TSO Tax, Death of UBS, Phishy money

Another telco heavy week, this one - the TSO conference in Wellington is wrapping up today, with Telecom telling the competition that it wants a substantial subsidy for its 63,000 or so "unprofitable" customers (which it wants to keep nevertheless) for providing "free local calling" in return for a $40/month fee. The competition however, doesn't want to pay the $90 million Telecom is after, or even the $63 million the Commerce Commission thinks they should stump up with.

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- TSO Tax looms

- Death of UBS?

- Laundering phishy money

- TSO Tax looms

Another telco heavy week, this one – the TSO conference in Wellington is wrapping up today, with Telecom telling the competition that it wants a substantial subsidy for its 63,000 or so “unprofitable” customers (which it wants to keep nevertheless) for providing “free local calling” in return for a $40/month fee. The competition however, doesn’t want to pay the $90 million Telecom is after, or even the $63 million the Commerce Commission thinks they should stump up with.

If Telecom’s competition has to pay the TSO Tax, TelstraClear argues that it should be levied on more than just it, Vodafone, Callplus, Compass, WorldXChange, Equant, TeamTalk and Ihug. Other telcos and Internet should also pay their share of the TSO Tax because the Telecommunications Act of 2001 makes the liable for it, according to TelstraClear.

Counties Power/Wired Country went even further and says the Telco Act makes every large company in New Zealand, as well as Crown organisations – anyone that connects to the telephone network basically – liable to pay the TSO Tax.

We’ll have a summary of the TSO conference next week. Stay tuned to find out who’ll pay.

- TelstraClear wants cost of levy spread

- Death of UBS?

There is good news for New Zealand broadband customers this week: Telecom will make flat-rate DSL plans with 256, 1Mbit/s and 2Mbit/s download speeds available in exactly a month’s time. I’m grizzling about the low upstream speed – 128-192kbit/s depending on the plan – and the meagre 1-10GB allowance before the connection throttles down to 64kbit/s. Oh, and I don’t think you can get static IP addresses either.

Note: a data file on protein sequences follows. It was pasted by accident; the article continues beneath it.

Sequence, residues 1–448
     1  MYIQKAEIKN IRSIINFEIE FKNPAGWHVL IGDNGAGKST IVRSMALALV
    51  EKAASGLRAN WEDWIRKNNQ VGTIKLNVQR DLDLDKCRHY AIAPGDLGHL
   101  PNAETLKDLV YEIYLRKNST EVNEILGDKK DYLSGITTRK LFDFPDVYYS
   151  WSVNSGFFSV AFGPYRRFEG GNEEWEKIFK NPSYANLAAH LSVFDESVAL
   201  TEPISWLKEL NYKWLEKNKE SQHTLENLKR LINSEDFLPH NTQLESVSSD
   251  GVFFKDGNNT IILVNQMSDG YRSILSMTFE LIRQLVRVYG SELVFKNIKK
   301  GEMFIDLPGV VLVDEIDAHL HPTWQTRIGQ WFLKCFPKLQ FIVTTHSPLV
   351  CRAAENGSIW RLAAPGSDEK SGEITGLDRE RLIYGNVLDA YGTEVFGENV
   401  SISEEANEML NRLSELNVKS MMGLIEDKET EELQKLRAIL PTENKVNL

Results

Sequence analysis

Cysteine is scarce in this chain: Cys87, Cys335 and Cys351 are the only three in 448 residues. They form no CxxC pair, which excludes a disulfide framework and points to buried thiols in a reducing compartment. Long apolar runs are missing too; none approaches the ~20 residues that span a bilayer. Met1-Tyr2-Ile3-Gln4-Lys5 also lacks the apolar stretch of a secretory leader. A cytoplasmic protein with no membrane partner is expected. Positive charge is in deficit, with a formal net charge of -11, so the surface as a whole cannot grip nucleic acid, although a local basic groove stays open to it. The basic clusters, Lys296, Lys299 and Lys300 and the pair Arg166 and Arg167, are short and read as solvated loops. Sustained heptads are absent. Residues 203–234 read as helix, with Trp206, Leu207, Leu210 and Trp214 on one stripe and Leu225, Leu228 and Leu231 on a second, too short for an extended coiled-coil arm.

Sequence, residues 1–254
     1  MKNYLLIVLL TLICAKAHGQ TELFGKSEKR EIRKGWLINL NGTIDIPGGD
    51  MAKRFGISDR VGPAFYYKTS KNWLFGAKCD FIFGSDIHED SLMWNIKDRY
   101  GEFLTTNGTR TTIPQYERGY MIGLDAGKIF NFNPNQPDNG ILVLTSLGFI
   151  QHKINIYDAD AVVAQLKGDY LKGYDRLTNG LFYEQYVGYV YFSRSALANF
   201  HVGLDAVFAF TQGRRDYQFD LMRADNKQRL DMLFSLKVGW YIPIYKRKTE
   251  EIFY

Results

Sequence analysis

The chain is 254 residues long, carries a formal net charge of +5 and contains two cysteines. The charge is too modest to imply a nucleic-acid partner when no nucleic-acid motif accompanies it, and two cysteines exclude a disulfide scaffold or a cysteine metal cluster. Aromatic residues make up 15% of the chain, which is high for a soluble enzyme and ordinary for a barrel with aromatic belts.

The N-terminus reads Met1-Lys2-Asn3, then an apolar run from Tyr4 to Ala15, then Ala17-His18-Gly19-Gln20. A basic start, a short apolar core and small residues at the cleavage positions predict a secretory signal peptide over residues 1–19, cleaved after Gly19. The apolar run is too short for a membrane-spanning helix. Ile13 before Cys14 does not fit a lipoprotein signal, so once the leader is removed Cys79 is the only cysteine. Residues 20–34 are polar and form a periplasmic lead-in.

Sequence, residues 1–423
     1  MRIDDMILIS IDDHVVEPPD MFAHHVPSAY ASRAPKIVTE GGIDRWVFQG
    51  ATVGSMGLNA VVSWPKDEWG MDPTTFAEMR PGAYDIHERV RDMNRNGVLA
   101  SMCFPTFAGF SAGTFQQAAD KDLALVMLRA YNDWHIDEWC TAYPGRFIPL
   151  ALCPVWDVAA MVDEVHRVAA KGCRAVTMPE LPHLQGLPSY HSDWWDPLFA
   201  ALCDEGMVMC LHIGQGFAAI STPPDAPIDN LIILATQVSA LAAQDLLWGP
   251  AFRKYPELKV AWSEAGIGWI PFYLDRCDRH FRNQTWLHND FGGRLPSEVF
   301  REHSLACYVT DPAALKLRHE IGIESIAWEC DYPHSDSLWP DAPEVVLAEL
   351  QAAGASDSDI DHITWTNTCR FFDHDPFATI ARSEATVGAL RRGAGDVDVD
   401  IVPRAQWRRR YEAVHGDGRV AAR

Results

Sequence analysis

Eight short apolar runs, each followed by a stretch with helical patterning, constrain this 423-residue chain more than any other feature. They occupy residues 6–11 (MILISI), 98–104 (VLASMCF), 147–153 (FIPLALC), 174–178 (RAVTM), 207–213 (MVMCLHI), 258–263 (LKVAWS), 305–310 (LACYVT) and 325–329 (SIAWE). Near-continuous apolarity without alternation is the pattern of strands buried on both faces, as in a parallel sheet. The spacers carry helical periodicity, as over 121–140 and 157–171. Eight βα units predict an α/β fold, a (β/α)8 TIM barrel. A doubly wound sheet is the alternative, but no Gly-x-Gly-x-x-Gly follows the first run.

But nevertheless, that’s a good deal better than UBS, and for a similar price. The cheapest 256/128kbit/s plan is $29.95 if you put your calls through Telecom, and the 2M/192kbit/s plan is $59.95 a month. Add the usual $10 for the ISP, and you’d have to wonder why anyone would bother with USB? Orcon for instance says it’ll charge $49.95 - $59.95 for its UBS plans, and the recently released CallPlus Jetbuster Express Unlimited Flat Rate plan is $59.95. Note that there is no $100 churn fee slapped on customers switching providers, unlike UBS.

We’ve talked to ISPs about the new plans, and in brief, they say it means UBS has been a big waste of everyone’s time and money. Unfortunately, it’s impossible to disagree with that conclusion.

- Faster flat-rate Telecom DSL plans launched

- Commission monitoring broadband uptake

- Laundering phishy money

Readers are reporting an upsurge in “job offer” spam recently, forged to make it appear as if it was sent from a pukka jobs site. It wasn’t: it’s phishers wanting to empty bank accounts they’ve compromised in the region with your help.

This time around the phishers pretend to be a TV manufacturer called the Plasma Project, replete with a nice Web site that has well-known company logos and everything. You agree to receive money into your account, and transfer the dosh elsewhere, minus a 5% commission.

Don’t do it. It’s illegal and if you’re found out, it’s criminal charges and no money for you.

- Codephish anti-scam/anti-phishing site

- NZ Police warns about the employment scams in April this year

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